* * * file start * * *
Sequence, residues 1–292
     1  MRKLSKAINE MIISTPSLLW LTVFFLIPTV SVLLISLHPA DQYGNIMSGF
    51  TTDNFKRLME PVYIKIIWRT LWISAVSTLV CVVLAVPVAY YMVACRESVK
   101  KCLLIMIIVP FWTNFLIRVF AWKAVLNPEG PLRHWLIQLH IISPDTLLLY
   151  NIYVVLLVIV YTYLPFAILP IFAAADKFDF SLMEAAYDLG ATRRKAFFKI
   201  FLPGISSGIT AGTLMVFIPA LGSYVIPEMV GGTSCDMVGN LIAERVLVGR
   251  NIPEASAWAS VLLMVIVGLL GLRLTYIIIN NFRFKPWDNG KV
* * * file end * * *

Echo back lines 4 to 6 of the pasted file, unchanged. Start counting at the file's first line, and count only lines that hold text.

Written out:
   101  KCLLIMIIVP FWTNFLIRVF AWKAVLNPEG PLRHWLIQLH IISPDTLLLY
   151  NIYVVLLVIV YTYLPFAILP IFAAADKFDF SLMEAAYDLG ATRRKAFFKI
   201  FLPGISSGIT AGTLMVFIPA LGSYVIPEMV GGTSCDMVGN LIAERVLVGR